Learning from Wal-Mart.
It's bad enough that merchant generating companies are struggling under the weight of regulatory, accounting, and public scrutiny in an era of shattered shareholder confidence. To make things worse, over the past few years generation was overbuilt on speculation that sparks spreads would be maintained and the economy would grow. But sparks spreads have shrunk, and given the national economic downturn, energy use is also down. This comes at a time when generating companies are straddling the regulated and non-regulated worlds. Generating companies continue to have a tremendous amount of regulated governance-if not in reality, certainly in their struggle to discard a cost-of-service mentality. Realistically, these companies should be working within a commodity business model, but instead find themselves still operating like regulated entities in many of their business decisions. Most of these companies primarily make electricity-a commodity product (notwithstanding potential ancillary services). But most are not yet adept at driving down costs while building in efficiencies. Yet Wall Street, customers, regulators, and the public all expect generators to be competitive and to deliver solid business performance.
Moreover, even if assets are still regulated, companies find themselves subject to a rate freeze-either self-imposed or the result of a negotiated rate settlement. Or perhaps their public utility commission recognized the need to act as a substitute for an unregulated market. Whatever the origin, the drive to cut costs and live under rate caps is accelerating. Companies are faced with a new reality: To capture additional business value by optimizing all of their assets.
Identifying a Better Business Model
Taking all of this to heart, generating companies now recognize they are faced with some make-or-break decisions about how to create significant value from their assets-regulated and non-regulated-in order to satisfy all of their stakeholders. Defined in the simplest terms, they are looking for ways to make electricity at the service and quality level that customers expect, while also continually finding ways to reduce the incremental cost of production. Because they are now producing a true commodity, they will have to figure out how to maintain costs (or even lower them) while increasing operating flexibility and reliability to keep customers satisfied. In fact, generating companies would do well to become more like Wal-Mart-or Home Depot, Boeing, or McDonald's. Does that sound like a very big stretch? Probably. But Wal-Mart excels because it continually figures out how to improve efficiency and be more effective in running and stocking its stores, working with suppliers, and serving its customers. Wal-Mart doesn't gold-plate anything; it develops and operates facilities to sell products to specifically meet customers' needs. And it does that extremely well. In effect, Wal-Mart keeps growing because it knows how to optimize all of its assets while increasing customer satisfaction.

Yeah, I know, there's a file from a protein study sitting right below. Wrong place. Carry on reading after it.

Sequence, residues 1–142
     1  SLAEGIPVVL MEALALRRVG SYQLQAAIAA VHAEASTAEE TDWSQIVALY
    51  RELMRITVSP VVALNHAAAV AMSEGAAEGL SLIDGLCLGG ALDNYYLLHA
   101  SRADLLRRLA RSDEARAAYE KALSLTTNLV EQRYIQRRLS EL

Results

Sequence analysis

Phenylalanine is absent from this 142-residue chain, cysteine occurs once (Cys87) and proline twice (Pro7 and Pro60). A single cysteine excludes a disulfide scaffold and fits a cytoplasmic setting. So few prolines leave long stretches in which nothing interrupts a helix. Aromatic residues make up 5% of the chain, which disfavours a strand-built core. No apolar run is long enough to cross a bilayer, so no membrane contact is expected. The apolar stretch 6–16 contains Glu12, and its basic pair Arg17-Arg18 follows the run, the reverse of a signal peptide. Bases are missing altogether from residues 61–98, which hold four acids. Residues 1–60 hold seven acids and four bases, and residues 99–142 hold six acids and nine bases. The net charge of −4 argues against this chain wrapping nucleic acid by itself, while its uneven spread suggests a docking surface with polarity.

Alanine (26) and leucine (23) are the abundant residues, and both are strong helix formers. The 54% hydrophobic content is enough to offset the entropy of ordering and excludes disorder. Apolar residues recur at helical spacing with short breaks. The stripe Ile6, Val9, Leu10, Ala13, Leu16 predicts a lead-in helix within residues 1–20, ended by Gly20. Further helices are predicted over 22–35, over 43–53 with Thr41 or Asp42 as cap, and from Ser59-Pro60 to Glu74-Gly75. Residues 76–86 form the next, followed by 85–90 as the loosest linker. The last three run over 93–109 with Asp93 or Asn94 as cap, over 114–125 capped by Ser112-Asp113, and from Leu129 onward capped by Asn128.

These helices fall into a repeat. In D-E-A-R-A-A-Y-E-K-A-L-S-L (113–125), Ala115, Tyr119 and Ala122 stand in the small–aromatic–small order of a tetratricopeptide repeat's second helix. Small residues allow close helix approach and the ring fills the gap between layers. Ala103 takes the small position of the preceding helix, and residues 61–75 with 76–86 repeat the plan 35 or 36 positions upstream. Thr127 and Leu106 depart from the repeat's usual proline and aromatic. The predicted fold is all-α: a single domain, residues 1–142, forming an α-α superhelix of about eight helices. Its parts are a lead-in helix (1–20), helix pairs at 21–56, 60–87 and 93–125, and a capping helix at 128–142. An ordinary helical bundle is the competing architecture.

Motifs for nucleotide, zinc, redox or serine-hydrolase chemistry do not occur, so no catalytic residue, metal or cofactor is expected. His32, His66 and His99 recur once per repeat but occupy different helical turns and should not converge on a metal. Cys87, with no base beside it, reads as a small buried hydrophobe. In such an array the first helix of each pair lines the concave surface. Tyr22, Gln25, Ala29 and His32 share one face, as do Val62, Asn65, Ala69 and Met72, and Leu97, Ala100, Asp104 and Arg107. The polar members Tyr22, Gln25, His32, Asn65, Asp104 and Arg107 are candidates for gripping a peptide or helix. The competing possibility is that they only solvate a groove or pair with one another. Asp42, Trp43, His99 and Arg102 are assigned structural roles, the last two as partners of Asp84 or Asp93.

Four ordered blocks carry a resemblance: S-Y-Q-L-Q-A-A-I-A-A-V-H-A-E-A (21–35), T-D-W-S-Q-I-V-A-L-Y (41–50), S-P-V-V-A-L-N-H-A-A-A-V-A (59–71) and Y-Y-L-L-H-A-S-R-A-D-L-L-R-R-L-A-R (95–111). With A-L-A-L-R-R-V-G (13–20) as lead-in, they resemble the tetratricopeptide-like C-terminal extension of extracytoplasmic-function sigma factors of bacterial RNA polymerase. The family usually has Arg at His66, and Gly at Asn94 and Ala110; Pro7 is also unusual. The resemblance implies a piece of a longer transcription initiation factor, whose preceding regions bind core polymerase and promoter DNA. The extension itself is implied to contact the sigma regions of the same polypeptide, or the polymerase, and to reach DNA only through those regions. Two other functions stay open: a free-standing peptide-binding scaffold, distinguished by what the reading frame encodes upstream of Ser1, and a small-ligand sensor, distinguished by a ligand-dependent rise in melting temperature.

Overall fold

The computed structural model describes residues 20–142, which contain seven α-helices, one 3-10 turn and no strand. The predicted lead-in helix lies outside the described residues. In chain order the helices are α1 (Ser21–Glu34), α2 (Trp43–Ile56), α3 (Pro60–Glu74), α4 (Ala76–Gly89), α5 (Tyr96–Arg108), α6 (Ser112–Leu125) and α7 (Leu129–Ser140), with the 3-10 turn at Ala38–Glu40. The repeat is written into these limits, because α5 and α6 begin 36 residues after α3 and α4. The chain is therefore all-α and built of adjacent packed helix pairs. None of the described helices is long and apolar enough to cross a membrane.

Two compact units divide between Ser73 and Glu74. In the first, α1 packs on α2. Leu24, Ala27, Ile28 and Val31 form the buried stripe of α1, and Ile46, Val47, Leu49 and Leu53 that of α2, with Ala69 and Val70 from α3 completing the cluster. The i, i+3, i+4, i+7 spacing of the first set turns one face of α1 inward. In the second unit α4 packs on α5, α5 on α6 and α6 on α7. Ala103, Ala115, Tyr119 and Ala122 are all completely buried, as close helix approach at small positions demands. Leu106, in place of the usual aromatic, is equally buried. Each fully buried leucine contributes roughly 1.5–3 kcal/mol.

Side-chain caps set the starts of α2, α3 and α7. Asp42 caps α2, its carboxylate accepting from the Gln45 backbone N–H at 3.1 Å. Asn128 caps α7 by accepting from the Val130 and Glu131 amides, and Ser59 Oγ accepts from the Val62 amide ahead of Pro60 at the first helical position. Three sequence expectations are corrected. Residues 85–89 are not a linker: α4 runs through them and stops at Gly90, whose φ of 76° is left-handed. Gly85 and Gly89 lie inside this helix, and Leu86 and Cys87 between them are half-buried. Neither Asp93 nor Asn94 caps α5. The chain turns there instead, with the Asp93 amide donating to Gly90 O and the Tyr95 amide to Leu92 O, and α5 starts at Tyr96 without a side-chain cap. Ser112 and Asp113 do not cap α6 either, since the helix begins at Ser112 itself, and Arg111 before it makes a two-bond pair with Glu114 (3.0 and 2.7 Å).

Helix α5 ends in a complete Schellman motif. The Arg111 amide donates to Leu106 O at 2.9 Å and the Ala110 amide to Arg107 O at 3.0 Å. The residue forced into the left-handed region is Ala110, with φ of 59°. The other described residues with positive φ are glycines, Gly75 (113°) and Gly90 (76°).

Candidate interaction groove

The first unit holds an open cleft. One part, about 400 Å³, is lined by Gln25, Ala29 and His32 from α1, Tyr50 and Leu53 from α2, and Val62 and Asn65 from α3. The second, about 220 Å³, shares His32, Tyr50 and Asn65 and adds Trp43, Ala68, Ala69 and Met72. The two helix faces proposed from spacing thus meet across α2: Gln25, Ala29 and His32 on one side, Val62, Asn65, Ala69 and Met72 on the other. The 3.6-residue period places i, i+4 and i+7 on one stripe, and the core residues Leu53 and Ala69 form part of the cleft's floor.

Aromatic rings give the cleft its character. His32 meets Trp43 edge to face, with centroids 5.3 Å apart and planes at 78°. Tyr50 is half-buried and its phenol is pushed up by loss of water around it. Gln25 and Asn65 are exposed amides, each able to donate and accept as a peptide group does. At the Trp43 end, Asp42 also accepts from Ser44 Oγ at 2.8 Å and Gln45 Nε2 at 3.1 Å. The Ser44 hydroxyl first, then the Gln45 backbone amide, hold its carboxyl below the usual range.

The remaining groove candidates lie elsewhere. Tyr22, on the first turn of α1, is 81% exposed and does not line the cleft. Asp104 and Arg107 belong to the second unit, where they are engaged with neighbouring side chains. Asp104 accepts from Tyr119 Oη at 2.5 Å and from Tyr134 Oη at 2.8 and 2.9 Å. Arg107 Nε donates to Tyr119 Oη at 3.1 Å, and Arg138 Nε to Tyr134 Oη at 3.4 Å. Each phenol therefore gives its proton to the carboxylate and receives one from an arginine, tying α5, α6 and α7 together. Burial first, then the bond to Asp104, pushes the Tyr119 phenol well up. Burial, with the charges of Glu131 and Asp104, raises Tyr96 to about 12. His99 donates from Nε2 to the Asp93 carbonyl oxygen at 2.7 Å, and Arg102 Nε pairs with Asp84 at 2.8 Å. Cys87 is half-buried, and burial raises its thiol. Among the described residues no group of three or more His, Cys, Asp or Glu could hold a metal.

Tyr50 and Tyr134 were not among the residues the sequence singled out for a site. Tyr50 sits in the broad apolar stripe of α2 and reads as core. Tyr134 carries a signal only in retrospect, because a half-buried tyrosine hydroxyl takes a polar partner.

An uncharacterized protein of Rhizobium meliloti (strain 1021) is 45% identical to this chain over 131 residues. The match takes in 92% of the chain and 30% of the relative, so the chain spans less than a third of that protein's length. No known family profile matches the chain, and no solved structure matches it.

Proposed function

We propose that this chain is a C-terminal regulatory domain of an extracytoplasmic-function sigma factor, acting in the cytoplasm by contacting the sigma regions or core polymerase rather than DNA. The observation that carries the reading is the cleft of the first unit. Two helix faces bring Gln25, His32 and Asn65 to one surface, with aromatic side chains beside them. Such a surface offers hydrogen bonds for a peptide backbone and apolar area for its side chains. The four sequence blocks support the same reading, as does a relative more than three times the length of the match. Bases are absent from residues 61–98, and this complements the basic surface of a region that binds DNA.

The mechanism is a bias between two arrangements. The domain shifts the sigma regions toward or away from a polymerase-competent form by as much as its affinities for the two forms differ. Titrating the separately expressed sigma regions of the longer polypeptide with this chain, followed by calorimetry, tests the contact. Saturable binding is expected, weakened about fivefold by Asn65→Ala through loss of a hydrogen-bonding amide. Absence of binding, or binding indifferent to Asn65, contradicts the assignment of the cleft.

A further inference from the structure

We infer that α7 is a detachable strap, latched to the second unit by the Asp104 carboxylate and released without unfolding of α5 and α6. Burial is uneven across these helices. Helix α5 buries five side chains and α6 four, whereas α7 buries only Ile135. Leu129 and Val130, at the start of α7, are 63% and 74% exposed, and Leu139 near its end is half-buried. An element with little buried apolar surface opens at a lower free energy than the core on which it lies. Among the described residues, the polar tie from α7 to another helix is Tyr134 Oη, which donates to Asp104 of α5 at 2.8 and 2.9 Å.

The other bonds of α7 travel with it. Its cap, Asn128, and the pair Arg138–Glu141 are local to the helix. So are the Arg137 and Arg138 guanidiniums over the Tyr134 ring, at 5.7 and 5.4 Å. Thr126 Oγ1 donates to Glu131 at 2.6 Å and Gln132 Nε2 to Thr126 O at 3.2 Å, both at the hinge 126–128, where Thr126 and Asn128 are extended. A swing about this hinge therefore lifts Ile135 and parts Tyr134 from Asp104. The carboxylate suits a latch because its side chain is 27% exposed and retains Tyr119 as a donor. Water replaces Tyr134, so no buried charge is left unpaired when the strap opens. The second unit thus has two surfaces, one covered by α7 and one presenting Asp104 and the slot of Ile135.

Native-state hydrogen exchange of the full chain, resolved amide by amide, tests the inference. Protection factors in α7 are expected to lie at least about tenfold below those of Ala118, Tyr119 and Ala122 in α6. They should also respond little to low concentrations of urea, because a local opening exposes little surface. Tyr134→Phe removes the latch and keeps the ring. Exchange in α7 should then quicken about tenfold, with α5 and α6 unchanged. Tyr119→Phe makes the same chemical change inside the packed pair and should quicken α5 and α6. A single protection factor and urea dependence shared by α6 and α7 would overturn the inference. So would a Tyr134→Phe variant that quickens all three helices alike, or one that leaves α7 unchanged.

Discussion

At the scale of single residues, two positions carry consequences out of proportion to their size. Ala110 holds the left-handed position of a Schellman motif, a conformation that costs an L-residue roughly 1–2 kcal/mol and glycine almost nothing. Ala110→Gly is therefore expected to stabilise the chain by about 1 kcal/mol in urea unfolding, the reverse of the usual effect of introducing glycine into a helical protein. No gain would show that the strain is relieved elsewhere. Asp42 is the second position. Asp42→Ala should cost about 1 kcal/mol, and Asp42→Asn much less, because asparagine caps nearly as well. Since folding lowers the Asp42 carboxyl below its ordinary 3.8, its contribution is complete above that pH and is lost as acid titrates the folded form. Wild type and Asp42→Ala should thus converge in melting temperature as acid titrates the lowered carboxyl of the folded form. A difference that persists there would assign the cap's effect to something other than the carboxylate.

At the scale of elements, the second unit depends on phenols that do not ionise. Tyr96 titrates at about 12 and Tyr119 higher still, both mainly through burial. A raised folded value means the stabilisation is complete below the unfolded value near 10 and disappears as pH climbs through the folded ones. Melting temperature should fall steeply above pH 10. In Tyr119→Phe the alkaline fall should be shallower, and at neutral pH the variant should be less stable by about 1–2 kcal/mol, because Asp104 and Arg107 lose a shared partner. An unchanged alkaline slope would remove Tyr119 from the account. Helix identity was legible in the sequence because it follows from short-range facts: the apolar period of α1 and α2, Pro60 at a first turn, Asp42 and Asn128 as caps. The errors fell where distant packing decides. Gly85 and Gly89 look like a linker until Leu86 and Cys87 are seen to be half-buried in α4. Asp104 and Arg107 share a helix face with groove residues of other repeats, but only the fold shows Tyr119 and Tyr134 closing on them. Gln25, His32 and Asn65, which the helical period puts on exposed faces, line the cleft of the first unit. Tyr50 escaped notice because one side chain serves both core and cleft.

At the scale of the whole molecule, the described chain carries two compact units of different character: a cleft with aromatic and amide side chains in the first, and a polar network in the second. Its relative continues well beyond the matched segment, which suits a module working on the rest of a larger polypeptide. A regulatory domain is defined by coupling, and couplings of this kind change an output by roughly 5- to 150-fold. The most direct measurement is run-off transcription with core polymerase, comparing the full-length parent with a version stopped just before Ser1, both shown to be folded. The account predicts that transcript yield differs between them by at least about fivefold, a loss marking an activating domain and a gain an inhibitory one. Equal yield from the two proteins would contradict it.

The successful business model for the generating business going forward is not very different from the model Wal-Mart uses. To satisfy all of their stakeholders, companies must learn how to:
- Optimize the production of a commodity, , increase capacity, commercial availability, and efficiency;
- Meet the service level and quality expectations of customers, , flexibility and reliability as defined by wholesale marketers and energy traders; and
- Do the above while continually reducing cost.
In essence, they must ensure that their portfolio of production assets can be maintained and optimized for their usefulness over time-namely, asset optimization. As asset optimization becomes a core competency (the way it is at Wal-Mart or Home Depot), a company is able to accelerate its ability to capture and grow value. The best approach to asset optimization in the generating business involves deriving more value from existing physical and intellectual assets-beginning by identifying areas for potential change, improvement, and optimization, top-down and bottom-up. A company can start by examining all of its assets (whether transmission, distribution, power procurement, customer management, or other assets) along four dimensions:
- Decision Support Systems and Information-Compile, analyze, and report data and information that can be used by management as knowledge to increase efficiency and quality of decisions. -making the best decisions on capital and O&M resource allocation or operating and maintenance strategies.
- Process Improvements-Change existing processes or supporting systems to increase effectiveness and efficiency of the physical and intellectual assets (including the organization). -increasing worker "wrench time" or improving procurement of consumables.
- New Products or Services-Increase existing asset utilization; generate incremental revenues. -utilizing a digital control system to vastly improve ramp rates, allowing entry into load-following energy markets.
- Risk Management-Identify, control, and mitigate business uncertainty attributable to an activity; provide information and guidance on how uncertainty influences the three previous dimensions. -identifying the potential operational risk benefit of a shift to reliability-centered maintenance.
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